Tuesday, April 29, 2014

The Art of Trying NOT To Try

Austin Kleon from 'Show Your Work'

In order to achieve success, stop trying. Sounds counterintuitive, right?  I recently came across a theory based on an ancient Chinese concept called wu wei (oooo-way) from Trying Not to Try: The Art and Science of Spontaneity by Edward Slingerland.  The literal translation of wu wei is "not trying" or "no doing". Though externally you appear to be very active in the pursuit of your art, there is an internal sense of effortlessness, effectiveness and unselfconsciousness.

What wu wei is NOT, is passivity and resignation.  In short, wu wei is a mindful cultivation of desirable behaviors that are nurtured to the point of being on auto-pilot so you are in the "zone" or "in the flow".  You are in a creative zone where you forget about trying so hard, and forget about not trying, until you are overcome with automatic behaviors that quietly dictates your move where deliberate and continued practice leads to mastery.  Call it flow or spontaneity, wu wei is a force to be reckoned with, a skill all artists crave.

So what does this have to do with photography?  Think about it.  As a photographer you're in constant pursuit of the perfect image, pre-visualized or otherwise, which by the way is unattainable because it is always going to be the next shot. You eventually get snookered into thinking that "if only I had _________ I could _________.  Some photographers fall victim with the obsession to have the latest technology, and not just in a limited quantity of "only one", but more likely an abundance of riches, thinking that's what preventing them from creating great art.  Not to be satisfied with just one lens, some think the greater collection of accessories, the better. If you really think a backpack, or rolling bag and cases filled with gadgets and lenses will make you a better photographer, then we've got a larger problem to address.

My point is this.  Embrace the concept of wu wei and don't get sidetracked by the equipment issue, or play the "what if" game.  Consider the following behaviors to get into your wu wei, or more to the point, try not to try so hard:

  • Quiet your mind, stop the internal "noise"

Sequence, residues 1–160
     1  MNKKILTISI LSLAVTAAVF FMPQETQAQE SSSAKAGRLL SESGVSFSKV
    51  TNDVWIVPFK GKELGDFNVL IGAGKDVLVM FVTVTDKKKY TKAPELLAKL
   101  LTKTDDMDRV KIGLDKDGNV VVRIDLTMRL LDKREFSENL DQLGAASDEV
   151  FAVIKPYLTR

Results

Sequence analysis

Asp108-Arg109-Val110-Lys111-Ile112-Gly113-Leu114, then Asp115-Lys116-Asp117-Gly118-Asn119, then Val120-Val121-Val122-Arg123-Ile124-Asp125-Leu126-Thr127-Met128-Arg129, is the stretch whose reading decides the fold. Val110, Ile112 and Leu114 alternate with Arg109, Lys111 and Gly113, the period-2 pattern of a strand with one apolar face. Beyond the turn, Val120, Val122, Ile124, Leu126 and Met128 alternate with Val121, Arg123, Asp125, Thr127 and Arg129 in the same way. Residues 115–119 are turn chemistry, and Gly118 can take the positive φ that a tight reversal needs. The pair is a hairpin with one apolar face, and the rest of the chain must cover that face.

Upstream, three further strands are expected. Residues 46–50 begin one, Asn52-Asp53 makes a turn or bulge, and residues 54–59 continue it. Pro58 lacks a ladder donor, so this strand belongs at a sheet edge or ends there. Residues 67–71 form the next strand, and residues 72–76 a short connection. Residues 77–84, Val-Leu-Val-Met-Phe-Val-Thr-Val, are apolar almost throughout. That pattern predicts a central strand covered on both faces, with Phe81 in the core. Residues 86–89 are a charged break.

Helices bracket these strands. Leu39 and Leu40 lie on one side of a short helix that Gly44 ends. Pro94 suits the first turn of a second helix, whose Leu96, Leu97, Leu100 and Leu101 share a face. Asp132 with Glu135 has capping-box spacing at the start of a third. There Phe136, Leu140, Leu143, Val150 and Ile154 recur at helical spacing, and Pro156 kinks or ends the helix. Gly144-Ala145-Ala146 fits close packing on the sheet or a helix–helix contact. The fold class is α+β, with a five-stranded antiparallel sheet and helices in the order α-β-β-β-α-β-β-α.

• Take images of what interests YOU
  • Be mindful and open to spontaneous possibilities
  • Go on a photo shoot without structure (e.g.,no shot list)
  • Focus on your creative vision for the image 
  • Try something out of your comfort zone
  • Don't over-think the shot, or the project
  • Let your equipment take a backseat; your vision should dictate the shot
  • Give yourself the freedom to be playful and engage with the moment
  • Don't try so hard, let things happen in a spontaneous manner

In closing, here's a poem/story, The Way of Heaven from the book of Zhuangzi that demonstrates how to move through the world in a wu wei manner.

The Way of Heaven
Excels in overcoming, though it does not content;
In responding, though it does not speak;
In spontaneously attracting, though it does not summon;
In planning for the future, though it is always relaxed.
The Net of Heaven covers all;
Although its mesh is wide, nothing ever slips through.

Do not go out the door, and so understand the whole world;
Do not look out the window, and understand the Way of Heaven.
The farther you go, the less you know.
This is why the sage understands the world without going abroad,
Achieves clarity without having to look,
And attains success without trying.

For a more in-depth review of wu wei, Slingerland's book, Trying Not To Try: The Art and Science of Spontaneity is available on Amazon http://www.amazon.com/exec/obidos/ASIN/0770437613/braipick-20

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